A Birder? No,
I am not a birder,
nor an amateur
unless you mean
A bird watcher?
No, a watcher
of all that is
sweet and fleeting
who needs to know
the names of things.
Tom Montag is most recently the author of In This Place: Selected Poems 1982-2013. He is a contributing writer at Verse-Virtual. In 2015, he was the featured poet at Atticus Review (April) and Contemporary American Voices (August), and at year’s end he received Pushcart Prize nominations from Provo Canyon Review and Blue Heron Review.
There’s a ghost in the cloisters,
A ghost in the machine, whose worlds
are its oysters, a host with a sheen.
A host casing a changing shell, a boast
wasting a waning spell. Senses of touch,
taste, sight and smell, and the oft-ignored
ring of a bell. One competes
to take control; the other waits
for ev’ry random. The former fights
to climb the knoll; the latter’s left to work
in tandem. Millions, minions,
servile souls, wand’ring, wond’ring
if the bell tolls—
Oliver Hutton is a UK-qualified solicitor with over FIVE years’ experience of dry shipping litigation. The battle for his signature was ferociously fought. In the end, it was TCI that beat the thousands of other law firms to it, with colleagues describing it as the happiest day of their lives when “Olly” walked through the door to begin his training contract on Tuesday 20th July, 2010. Olly advises on complicated issues too numerous and highbrow to mention here, but the way he provides transcendental solutions to every conceivable legal and commercial problem was reported in the Legal 500 as “awesome.”
The Poem Wakes Me, 3:00 a.m.
from my dreams, a lover
who suddenly wants my attention.
Just this afternoon I waited,
implored him to show up,
but he remained aloof,
a big tease.
Yet now, in the deep of night,
when all things are black
spins lovely lies,
ribbons of language
in my sleep-slogged brain.
I reach for him, desperate
to remember the rhythm,
the lines, the internal
I switch on the lamp, scribble
in my notebook
before he slinks away.
Slanting curls and loopy
scrawls, the only signs
he’d been here, like the gentle
indent in a pillow,
left by a departed
Kim Zach is a high school English teacher and a lifelong resident of the Midwest. Her poem “Weeding My Garden” appeared in the spring 2015 issue of U.S. 1 Worksheets and was reprinted in the quarterly review Genesis. Another poem, “When I Consider,” is scheduled for publication in U.S. 1 Worksheets next spring.
You pull over on the side of a road
and you look at it: what is it? Or, maybe
you should ask what it was before you hit it: nothing ever,
by the looks of it. The more you look at it
the less sense it starts to make, like
a Rorschach test and the lifeless words
used to describe it: black, white, flat . . .
Leave it alone. It’s done. And by “done” I mean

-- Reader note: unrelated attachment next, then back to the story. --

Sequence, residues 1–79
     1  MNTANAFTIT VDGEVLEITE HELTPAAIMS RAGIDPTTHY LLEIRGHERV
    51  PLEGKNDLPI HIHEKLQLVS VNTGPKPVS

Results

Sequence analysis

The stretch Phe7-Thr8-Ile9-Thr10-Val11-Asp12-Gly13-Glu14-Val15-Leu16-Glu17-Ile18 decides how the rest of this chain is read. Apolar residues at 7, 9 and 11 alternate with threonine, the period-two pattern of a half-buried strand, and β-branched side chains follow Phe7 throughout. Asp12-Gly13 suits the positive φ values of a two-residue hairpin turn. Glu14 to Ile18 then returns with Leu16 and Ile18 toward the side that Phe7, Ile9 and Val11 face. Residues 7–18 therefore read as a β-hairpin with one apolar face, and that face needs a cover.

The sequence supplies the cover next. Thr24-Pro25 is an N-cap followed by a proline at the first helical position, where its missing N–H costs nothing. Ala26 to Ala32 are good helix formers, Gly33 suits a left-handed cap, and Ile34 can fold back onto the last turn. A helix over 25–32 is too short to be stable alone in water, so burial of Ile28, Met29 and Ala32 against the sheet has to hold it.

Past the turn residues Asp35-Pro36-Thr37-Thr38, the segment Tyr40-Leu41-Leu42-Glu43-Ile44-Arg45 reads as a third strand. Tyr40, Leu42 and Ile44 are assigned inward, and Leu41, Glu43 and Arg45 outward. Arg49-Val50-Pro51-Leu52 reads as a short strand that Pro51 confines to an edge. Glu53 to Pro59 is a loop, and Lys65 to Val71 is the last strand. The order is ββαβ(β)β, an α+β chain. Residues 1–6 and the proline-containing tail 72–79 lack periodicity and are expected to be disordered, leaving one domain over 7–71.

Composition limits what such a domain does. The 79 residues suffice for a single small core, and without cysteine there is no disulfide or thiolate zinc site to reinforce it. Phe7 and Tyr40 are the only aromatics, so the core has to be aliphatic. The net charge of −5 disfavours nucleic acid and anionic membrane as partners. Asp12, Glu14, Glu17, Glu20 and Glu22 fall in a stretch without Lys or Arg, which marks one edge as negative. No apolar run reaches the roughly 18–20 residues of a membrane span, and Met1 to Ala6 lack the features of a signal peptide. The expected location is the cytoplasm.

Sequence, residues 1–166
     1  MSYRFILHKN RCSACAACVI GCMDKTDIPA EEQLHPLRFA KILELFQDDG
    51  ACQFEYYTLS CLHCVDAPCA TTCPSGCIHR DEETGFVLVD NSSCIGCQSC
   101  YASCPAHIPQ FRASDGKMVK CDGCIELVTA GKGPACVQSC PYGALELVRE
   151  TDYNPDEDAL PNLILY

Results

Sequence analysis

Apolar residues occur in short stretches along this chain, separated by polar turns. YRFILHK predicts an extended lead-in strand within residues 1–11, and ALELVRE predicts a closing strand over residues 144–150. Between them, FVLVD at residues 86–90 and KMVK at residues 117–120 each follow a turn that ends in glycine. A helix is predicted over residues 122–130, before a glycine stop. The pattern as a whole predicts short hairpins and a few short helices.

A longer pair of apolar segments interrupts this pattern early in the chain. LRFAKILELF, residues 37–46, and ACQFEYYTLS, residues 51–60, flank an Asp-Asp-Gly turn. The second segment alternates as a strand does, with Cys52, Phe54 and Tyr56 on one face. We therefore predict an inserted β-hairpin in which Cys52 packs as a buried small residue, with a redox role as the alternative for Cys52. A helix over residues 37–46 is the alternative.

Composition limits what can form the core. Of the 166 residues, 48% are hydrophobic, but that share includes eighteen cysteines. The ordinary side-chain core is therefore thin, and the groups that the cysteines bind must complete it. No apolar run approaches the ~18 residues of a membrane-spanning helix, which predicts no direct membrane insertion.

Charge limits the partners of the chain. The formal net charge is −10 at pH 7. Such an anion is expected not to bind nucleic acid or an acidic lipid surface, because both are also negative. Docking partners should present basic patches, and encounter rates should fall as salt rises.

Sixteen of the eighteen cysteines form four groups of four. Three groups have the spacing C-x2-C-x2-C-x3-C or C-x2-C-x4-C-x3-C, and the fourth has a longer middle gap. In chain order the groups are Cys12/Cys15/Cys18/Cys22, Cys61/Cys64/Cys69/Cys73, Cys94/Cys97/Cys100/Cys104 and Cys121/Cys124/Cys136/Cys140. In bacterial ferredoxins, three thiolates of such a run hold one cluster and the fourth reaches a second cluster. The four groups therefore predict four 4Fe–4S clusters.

finished before it began. There’s no use
in trying to save it, breathe it back
into a shape. The most you can do is
bless it and move on, tell others
a long time ago you thought you saw one, whatever it was
or could have been.
Grant Quackenbush is from San Diego. His poetry has been published in the San Diego Poetry Annual, Rattle, and is forthcoming in The Eunoia Review. He is a first-year MFA student in poetry at the University of California, Irvine.
Sonnet with Desert Dunes
At night when his body is folded on the bed, and his back
is turned—I’ll start a poem in my head: We stay up. / I watch
his back curved / and shoulders arced / like desert dunes—
Desert dunes. I walk through it in my head. Into the heat.
Hardly shifting / as he breathes. Desert dunes,
the dry air blowing ridges in the sand. Grand as the stones
moving in its valleys. Desert dunes, a deep beige beneath
blue-steel skies. I disappear into it—the dunes, the back,
before the words dry up. Desert dunes: Later he lays
flat, / sleeping like a body, his body / and I see the freckles
now / on the same skin and bones / that stood mountainous.
Desert dunes. The words tire and crumple like a jackrabbit
in the pocks of dunes—cool and unmoving, its ruffled planes
disturbed only by this animal crawling quiet in the dark.
Kelsey Hatch was raised in Massachusetts and graduated with a major in English Literature from St. Lawrence University (Canton, NY). In addition to writing, Hatch enjoys foraging for mushrooms, cooking, and spending time outdoors. She is currently creating art with spore prints made from harvested mushrooms. Her latest work appeared in the May 2015 issue of Alimentum: The Literature of Food.
It’s not balance with us,
love, so much as care
in where we place our feet.
If we were capsized
you would rise without
thought and I could follow.
If we could claim to belong
below or to each other.
If we could skim the world
beneath our feet. I have
already forsaken ground.
You watch the skies.
I check for fish, for some
Don’t think, love, just
move. If only I could make
you test the tension it could
—just once—hold us.
Ruth Foley lives in Massachusetts, where she teaches English for Wheaton College. Her work appears in numerous web and print journals, including Adroit, Sou’wester, and Valparaiso Poetry Review. She is the author of the chapbooks Dear Turquoise and Creature Feature, and the full-length collection Dead Man’s Float (forthcoming from ELJ). She serves as Managing Editor for Cider Press Review.